02 October 2009

Europe: The Times, Tony and what Dave has to say

Before turning our eyes towards a far away country of which we know little, we need to pay a little attention to that once mighty paper of record, The Times.

Yesterday, this once-upon-a-time must read newspaper reported that there was a cunning plan to keep Blair from becoming the first President of Europe, while The Sun, the present-day agenda setting paper, said the exact opposite.

Today, when there are much more important matters to report, The Times performs a U-turn and now says that Blair will be the man that wins the prize, although the details of article indicate that it is not in the bag.

Having corrected the record, we move on from what may happen if the treaty is ratified to what will happen this weekend.  The result of Irish referendum and all matters Cameron.

For the Tories, “Operation Seal the Deal” is a two-part process over the next week.  Part One commences as soon as the result is announced on Saturday with Part Two opens on Monday in Manchester.

As John Rentoul was saying, “the real story of the week is Ireland not Brighton” (he was spot) and Cameron “faces a critical test”.  Indeed he does and Martin Kettle adds to this today.

On the assumption that Ireland vote yes:

It is no exaggeration to say that Cameron's assiduously cultivated and hard-won credibility as a pragmatic one-nation centrist, as a liberal Tory and as a Tory progressive – hugely important assets that are at the heart of his march towards No 10 – will all hinge on how he responds to how Ireland votes.

So here is the choice for Cameron ahead of Conservative conference week. Does he respond to an Irish yes by actively urging the remaining European non-signers – Poland and the Czech Republic – to hold out until the general election? To do so would allow a Tory government to call a quick referendum on Lisbon next summer which, with the guarantee of full-throated assistance from Cameron's new best friend Rupert Murdoch, would surely kill the treaty. Or, on the other hand, does he treat the issue pragmatically and accept that, if the hold-outs fall into line before the British election, the treaty will be a fact of life? His responses this weekend will matter.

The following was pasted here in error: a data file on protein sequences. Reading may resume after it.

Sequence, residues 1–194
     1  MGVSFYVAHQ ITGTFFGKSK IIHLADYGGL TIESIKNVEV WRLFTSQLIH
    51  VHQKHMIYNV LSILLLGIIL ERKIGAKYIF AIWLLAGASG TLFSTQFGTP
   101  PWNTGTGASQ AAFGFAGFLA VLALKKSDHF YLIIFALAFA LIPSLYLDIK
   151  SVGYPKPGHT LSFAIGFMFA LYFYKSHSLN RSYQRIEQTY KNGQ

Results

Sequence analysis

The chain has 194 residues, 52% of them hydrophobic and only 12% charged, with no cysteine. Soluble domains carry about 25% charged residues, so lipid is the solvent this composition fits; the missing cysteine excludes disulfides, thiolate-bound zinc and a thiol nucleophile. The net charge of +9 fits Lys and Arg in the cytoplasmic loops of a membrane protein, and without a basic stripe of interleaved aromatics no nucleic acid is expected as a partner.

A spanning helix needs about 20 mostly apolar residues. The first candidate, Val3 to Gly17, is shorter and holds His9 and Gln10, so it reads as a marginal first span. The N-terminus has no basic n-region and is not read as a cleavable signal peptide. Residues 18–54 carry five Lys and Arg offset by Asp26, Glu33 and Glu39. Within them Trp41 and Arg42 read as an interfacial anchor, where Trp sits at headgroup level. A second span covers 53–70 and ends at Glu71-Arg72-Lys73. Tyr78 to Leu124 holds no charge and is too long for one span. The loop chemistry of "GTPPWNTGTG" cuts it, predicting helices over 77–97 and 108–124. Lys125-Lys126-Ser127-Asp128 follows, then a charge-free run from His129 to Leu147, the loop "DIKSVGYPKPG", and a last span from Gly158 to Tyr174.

Kettle’s article also raises a bucket full of issues for Cameron that are vital, but these needn't detain us here.  What matters is how Cameron responds this weekend.  Back to Rentoul:

He has to say that a Conservative government would accept the Lisbon Treaty now that it is likely to be ratified before the election. And he should say it within minutes of the result of the Irish vote becoming known. Waiting until his conference speech the following Thursday is the sort of thing that Gordon Brown would try to do.

Then the deadly sentence:

But does he have the political courage to tell the rest of his party what it is so unwilling to hear?

If the Irish vote yes, Cameron has got to live with Lisbon as do the rest of us, whether we like it or not.  Seven months out from an election he has to tell the Tebbits of this world to get lost.

The purpose of “Operation Seal the Deal” is for Cameron to demonstrate that he is the Prime Minister-in-waiting.  This is his acid test.  His Clause Four moment has arrived.

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  1. If the Irish vote yes, Cameron has got to live with Lisbon as do the rest of us, whether we like it or not.

    No he doesn't and nor do we!

    Britain is still a democracy - we shouldn't allow our sovereignty to be decided by the Irish or the Czech's.

    Whatever the Irish result we need a Referendum and if Cameron isn't going to give us one - I know a man who can!!!

  2. You're right, it's intolerable. This will push some people to declare UDI.